20 August 2014
War, Women and Song: British Library, 30 August 2014
On Saturday 30 August (6.30pm) the British Library Conference Centre will host the premiere performance of War, Women and Song, a unique theatrical recreation of the entertainments given for troops on the front line in the First World War. Written and directed by Anna Farthing and Bea Roberts, the production is inspired by the remarkable story of the actress and acting manager Lena Ashwell (1872-1957) and her series of YMCA Concert Parties.
During the course of the war more than 600 actors, musicians and entertainers – mostly young women – signed up for tours of duty as members of up to 25 companies, travelling throughout France and as far afield as Egypt to bring succour and morale-boosting diversion to war-weary soldiers. War, Women and Song is inspired by the surviving programmes, photos, and archival materials that document the content and style of the entertainments, as well as the backgrounds and motivations of some of the performers themselves.
The first concerts took place in France in early 1915, with support from the YMCA. Concerts were given in tents, fields, or huts – often to hundreds of soldiers – with up to three performances per day (more than 5,000 concerts in total were given between 1915 and 1919). A typical ensemble consisted of a soprano, contralto, instrumentalist, tenor, baritone or bass, entertainer, and accompanist, allowing scope for a mixed entertainment of classical works interspersed with readings from poetry, and popular WW1 classics still familiar to us today – such Roses of Picardy and Keep the Home Fires Burning.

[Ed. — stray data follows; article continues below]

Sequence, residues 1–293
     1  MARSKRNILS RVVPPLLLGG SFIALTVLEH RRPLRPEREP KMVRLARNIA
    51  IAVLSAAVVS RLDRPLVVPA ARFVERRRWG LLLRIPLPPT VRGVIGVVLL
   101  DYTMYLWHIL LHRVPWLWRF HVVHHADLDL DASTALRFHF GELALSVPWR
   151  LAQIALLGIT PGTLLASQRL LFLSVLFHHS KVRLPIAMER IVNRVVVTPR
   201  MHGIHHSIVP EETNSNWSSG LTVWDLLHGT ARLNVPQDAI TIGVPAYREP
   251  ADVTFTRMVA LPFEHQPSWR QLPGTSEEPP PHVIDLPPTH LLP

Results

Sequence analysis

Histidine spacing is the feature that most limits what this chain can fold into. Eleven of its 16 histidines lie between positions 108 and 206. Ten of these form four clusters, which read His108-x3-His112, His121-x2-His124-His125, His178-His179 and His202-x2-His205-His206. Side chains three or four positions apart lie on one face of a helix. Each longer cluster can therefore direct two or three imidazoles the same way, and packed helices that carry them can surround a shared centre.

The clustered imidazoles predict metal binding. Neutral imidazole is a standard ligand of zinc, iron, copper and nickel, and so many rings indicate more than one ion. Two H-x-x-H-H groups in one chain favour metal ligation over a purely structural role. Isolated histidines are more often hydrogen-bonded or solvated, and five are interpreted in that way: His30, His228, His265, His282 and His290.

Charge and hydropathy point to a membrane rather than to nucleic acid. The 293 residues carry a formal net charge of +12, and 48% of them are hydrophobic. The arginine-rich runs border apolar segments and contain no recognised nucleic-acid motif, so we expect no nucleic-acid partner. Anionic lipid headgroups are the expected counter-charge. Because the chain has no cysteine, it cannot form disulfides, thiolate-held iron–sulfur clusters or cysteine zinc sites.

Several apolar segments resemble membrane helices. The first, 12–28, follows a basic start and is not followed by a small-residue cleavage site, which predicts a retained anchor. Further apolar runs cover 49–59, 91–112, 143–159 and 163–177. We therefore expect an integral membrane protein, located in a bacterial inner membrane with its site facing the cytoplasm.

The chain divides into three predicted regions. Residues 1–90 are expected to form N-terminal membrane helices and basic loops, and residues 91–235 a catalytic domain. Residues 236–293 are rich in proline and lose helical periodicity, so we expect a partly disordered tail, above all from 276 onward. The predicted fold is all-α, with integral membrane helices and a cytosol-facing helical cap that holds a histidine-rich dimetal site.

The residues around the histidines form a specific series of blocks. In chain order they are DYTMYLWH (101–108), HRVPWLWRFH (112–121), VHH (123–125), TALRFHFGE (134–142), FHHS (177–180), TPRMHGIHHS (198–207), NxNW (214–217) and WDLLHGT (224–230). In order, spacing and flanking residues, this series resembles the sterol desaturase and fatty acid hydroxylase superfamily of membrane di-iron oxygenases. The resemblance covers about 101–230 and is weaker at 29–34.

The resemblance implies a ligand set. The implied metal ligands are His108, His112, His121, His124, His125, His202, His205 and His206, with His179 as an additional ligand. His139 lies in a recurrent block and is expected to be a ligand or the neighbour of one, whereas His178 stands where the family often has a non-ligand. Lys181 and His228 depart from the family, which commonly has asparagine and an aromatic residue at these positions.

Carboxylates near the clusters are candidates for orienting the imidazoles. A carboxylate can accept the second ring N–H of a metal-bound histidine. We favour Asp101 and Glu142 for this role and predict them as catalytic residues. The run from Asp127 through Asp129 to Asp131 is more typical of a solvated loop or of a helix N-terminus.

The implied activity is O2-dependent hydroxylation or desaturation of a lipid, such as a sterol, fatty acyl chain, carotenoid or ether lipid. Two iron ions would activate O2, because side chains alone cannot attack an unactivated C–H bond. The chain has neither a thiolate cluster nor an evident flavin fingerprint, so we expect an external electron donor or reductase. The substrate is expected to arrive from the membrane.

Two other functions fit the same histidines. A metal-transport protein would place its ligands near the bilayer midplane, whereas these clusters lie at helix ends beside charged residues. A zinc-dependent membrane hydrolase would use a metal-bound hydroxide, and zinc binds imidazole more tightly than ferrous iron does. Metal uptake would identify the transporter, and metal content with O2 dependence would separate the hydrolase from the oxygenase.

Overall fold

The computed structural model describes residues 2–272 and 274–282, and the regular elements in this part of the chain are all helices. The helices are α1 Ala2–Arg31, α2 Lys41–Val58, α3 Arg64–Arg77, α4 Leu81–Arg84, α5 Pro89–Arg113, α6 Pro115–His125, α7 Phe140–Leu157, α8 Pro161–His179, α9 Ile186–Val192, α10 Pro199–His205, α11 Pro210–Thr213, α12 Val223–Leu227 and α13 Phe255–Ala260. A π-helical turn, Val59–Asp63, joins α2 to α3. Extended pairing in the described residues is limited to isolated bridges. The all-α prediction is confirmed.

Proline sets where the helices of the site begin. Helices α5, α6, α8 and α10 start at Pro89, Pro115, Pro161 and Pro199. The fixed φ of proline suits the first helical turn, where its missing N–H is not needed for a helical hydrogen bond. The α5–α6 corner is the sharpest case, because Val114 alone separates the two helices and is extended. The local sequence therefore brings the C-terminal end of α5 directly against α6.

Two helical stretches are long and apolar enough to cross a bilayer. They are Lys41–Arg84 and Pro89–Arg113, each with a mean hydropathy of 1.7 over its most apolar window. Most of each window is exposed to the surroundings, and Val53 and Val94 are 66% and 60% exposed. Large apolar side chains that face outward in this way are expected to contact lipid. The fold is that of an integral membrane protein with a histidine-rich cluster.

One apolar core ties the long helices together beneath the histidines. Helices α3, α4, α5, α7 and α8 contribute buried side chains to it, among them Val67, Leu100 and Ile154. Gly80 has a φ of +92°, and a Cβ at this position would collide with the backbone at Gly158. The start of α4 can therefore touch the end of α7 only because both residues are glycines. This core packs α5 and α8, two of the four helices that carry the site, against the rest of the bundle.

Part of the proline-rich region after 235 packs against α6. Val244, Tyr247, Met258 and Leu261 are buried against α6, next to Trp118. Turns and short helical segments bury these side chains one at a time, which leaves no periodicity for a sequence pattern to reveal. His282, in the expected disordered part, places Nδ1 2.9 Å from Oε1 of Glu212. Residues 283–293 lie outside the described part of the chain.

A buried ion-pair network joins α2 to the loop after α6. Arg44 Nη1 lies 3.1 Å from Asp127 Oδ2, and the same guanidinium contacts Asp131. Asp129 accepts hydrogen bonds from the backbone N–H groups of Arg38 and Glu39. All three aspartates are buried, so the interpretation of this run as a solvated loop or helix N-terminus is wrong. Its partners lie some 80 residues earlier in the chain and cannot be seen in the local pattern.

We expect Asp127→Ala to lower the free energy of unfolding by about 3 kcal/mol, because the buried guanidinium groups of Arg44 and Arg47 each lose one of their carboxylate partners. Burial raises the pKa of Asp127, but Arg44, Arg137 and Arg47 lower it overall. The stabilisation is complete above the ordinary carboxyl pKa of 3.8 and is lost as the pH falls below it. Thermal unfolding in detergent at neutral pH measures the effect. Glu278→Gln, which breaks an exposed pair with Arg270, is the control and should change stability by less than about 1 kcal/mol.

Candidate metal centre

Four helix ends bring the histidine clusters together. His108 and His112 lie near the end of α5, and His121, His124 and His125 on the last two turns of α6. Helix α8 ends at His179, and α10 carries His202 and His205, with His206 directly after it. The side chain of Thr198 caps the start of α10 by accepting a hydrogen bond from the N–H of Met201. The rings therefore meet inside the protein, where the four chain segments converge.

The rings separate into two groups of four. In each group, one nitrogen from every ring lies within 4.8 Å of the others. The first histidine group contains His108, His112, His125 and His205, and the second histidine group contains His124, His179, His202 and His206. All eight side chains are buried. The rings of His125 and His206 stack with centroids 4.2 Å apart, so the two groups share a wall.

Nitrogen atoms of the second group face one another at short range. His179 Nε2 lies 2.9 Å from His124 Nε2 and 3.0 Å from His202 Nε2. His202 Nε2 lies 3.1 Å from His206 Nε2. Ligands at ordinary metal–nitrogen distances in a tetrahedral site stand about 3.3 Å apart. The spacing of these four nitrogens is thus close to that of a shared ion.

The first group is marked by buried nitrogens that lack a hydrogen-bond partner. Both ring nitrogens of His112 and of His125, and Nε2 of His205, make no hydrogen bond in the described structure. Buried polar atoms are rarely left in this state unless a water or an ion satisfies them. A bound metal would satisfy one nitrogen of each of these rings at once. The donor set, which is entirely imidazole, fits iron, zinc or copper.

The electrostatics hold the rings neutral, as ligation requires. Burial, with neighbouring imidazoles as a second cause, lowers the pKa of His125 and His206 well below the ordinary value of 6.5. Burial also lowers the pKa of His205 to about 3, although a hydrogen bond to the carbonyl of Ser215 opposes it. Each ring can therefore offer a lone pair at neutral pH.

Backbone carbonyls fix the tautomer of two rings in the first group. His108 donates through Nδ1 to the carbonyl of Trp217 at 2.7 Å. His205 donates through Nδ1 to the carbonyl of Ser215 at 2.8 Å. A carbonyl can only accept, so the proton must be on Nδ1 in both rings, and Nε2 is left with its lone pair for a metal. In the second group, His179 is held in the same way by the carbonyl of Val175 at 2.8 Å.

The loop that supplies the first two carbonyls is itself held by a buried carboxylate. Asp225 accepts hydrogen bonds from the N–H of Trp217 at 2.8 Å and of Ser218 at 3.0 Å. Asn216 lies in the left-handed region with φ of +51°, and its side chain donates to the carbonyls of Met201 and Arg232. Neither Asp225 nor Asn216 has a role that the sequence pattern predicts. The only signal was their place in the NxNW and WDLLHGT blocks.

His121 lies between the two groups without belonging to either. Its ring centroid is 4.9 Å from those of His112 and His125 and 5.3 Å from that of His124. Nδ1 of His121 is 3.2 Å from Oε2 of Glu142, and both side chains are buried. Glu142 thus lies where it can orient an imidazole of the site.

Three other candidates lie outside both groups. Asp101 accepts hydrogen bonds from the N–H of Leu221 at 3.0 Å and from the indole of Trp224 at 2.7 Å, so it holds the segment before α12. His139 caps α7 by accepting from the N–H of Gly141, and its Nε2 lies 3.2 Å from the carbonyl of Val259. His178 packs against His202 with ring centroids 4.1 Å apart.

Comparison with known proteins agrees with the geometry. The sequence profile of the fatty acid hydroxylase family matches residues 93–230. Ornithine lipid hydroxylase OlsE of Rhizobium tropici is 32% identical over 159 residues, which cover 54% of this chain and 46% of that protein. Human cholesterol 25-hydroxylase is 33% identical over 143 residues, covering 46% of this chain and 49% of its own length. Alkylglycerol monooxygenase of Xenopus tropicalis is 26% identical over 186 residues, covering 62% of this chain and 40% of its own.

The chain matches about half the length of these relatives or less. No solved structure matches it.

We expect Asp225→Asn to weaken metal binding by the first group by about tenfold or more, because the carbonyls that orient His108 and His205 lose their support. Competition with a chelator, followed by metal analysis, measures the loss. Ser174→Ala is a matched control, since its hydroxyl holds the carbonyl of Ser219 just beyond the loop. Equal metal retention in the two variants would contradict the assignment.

Ashwell later wrote about the concerts in her book Modern troubadours: a record of the concerts at the front (London: Gyldendal, 1922). Music, she claimed, offered ‘the straightest road to the unseen world of spiritual beauty [and] fulfilled more than its tangible function of cheering up the men… Music ministers with magical results to minds distressed, destroying the seeds of despondent thoughts, the black moods that dullness, pain, or loneliness sow in the most gallant hearts, for “where music is, there can no ill thing be”’ (p. 8).
War, Women and Song was conceived by Harvest Heritage Arts and Media and features a professional cast including Samantha Barron, Nick Blakeley, Hannah Lee, Bryan Moriarty and Cassie Webb. The performance on 30 August forms part of the international conference ‘The Music of War: 1914-1918’ (29-31 August), presented by the British Library to mark the centenary of the outbreak of the First World War. The conference is supported by the Royal Musical Association, Music & Letters, and the Oxford Research Centre in the Humanities.
For tickets, please follow this link to the BL Box Office.